The first set of practices that sustained me was mindfulness, meditation and yoga.  To the greatest extent possible, these practices helped me let go of ruminations about the past or fears about the future and focus on the present moment.  Focusing on my breathing kept me centered as – like my breaths – each moment flowed into the next.  Maintaining a non-judgmental awareness and acceptance of each passing moment kept my psyche on an even keel.

Rather than extended periods of formal meditation, I simply sought a mindful awareness of each moment, hour, day and week.  I also went through a daily yoga routine even while receiving chemotherapy. Doing so helped me retain my identity as I weathered the toxic treatment and its inevitable side-effects.  In the evenings, I used a technique called a body scan to relax and prepare me for a peaceful sleep. The cumulative effect of these practices was a calm acceptance of circumstances I could not change alongside a serene hope that all would work out for the best.

A second practice involved being a proactive patient.  Perhaps it was my training as a social scientist that allowed me to bring an analytical curiosity to my disease and the treatments my doctors were deploying. I asked lots of questions during their all too brief visits, and they patiently responded to all my queries.

On several occasions, my proactive stance made a positive contribution to my treatment.  When I developed a nasty, full body rash, it took a collaborative conversation between me, my oncologist, and infectious disease doctors to isolate the one drug among so many that was the culprit. I identified it, they switched it out, and the rash abated. On another occasion, I was able to identify two drugs that were causing an unpleasant interaction effect.  I suggested changing the dosing schedule, they concurred, and the problem resolved.  The sense of efficacy I received from this proactive stance also helped me retain a positive mood and hopeful stance during my prolonged treatment.

A third practice involved maintaining a regimen of physical activity.  During my first, five-week hospital stay, I felt compelled to move and get out of my room for both physical and social reasons.  I developed a routine of walking the halls three times a day, trailing my IV pole behind me.  They tell me I was walking roughly 5 miles a day, and every excursion felt like it was keeping my disease at bay and connecting me with all the nurses and staff members I would encounter as I made my rounds.

When I moved to my transplant hospital, I was confined to my room but requested a treadmill that met the physical need for activity even as I sacrificed the social benefits of roaming the halls.  But throughout both hospital stays and later at home, I maintained stretching activities, exercise workouts, physical therapy routines, and yoga to keep my body as active and engaged as my circumstances would allow. These activities also gave me a welcome sense of efficacy and control.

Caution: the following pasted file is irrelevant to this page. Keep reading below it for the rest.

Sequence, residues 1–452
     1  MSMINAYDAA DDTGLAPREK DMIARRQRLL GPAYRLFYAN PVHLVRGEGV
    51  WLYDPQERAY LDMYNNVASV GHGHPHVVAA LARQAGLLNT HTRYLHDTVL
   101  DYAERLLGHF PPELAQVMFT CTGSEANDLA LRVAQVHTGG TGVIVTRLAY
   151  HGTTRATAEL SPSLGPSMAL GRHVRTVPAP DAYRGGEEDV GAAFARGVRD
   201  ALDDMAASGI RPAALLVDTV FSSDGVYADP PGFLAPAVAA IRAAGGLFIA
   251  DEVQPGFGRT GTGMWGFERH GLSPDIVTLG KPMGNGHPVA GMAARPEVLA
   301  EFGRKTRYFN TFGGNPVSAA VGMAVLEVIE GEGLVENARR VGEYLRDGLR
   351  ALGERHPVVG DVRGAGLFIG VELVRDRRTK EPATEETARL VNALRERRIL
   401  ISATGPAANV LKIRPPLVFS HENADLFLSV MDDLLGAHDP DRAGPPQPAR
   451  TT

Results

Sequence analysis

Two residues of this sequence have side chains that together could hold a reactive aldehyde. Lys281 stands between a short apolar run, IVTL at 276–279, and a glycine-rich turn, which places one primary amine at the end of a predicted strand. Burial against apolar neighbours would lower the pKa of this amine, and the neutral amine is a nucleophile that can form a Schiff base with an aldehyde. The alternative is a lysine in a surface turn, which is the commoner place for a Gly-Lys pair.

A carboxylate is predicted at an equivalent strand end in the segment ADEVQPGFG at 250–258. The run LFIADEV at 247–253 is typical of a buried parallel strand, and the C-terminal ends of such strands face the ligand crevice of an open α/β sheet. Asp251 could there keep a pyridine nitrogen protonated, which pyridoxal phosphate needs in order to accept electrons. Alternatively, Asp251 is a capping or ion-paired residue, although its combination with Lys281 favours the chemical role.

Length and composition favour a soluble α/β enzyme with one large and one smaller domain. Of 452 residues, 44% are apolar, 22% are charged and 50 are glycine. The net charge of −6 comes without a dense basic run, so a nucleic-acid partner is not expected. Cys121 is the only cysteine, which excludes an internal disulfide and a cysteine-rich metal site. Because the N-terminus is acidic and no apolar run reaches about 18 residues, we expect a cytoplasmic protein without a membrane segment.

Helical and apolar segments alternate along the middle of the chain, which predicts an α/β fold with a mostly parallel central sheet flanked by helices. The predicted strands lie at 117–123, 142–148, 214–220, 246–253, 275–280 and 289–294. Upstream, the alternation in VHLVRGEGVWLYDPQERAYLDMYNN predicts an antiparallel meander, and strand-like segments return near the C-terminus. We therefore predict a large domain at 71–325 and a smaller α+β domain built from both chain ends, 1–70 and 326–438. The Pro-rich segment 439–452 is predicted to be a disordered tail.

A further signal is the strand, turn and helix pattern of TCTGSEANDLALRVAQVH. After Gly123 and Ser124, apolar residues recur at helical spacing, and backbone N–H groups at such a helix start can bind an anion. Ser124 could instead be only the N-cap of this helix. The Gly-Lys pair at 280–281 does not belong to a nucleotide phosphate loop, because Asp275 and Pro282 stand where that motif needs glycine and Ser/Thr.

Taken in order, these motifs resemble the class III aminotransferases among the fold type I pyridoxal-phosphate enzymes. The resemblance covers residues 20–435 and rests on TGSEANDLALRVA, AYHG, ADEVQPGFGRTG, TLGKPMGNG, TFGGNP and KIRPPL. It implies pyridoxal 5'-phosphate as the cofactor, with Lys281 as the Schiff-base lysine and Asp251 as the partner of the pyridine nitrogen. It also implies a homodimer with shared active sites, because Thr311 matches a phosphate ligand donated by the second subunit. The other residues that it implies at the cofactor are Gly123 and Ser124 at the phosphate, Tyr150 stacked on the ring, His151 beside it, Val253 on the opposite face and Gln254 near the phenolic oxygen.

A fourth practice involved maintaining my sense of humor.  I have always appreciated a wide variety of humor, ranging from bad jokes, puns and double entendre to witty anecdotes and stories to philosophical musings.  Cancer is anything buy funny, which is precisely why humor has the power to break through the somber mood and fatalistic worldview that so often accompanies the disease.  Using humor became another way of keeping the cancer at bay.  It was a way of saying you may make me sick and eventually kill me, but I’m still going to enjoy a good laugh and a bad joke along the way.

Alongside these practices I could control, there were also beneficial circumstances beyond my control that worked in my favor.  These included the privilege of being a well-educated white male that led to my being treated respectfully and taken seriously by all my health care providers.  In addition, my doctors and nurses consistently combined skill and expertise with compassion and empathy in ways I will never forget or could ever repay. And finally, my privileged status and excellent care played out against a backdrop of strong social support from a dense network of family, friends, colleagues and neighbors.

A final practice that integrated everything else was writing my story as it unfolded. Upon my first hospitalization, I began sending emails to an ever-expanding group of recipients documenting and reflecting upon my disease, treatment and recovery.  Narrating my story for others required me to make sense of it for myself.  The ostensible goal of keeping others informed became a powerful therapeutic prod for my own understanding of what was going on around me and to me.  While my doctors’ ministrations cured my body, my writing preserved my sense of self and a coherent identity.

I eventually sent over 60 lengthy reports to a group of roughly 50 recipients over a 16-month period.  This writing would eventually serve three purposes.  It was a sense-making procedure for me. It was a communication vehicle with my correspondents. And finally, I realized it could be a resource for others in the broader cancer community. With that insight, I did some additional writing about lessons learned and identity transformations and published the resulting account.

As I mentioned at the start, I will never know if any of these practices or circumstances made a material contribution to my survival.  But they maintained my sanity and preserved my identity during the most challenging experience of my life. Regardless of the eventual endings of our journeys, sustaining and nurturing ourselves along the way is a worthy goal in itself.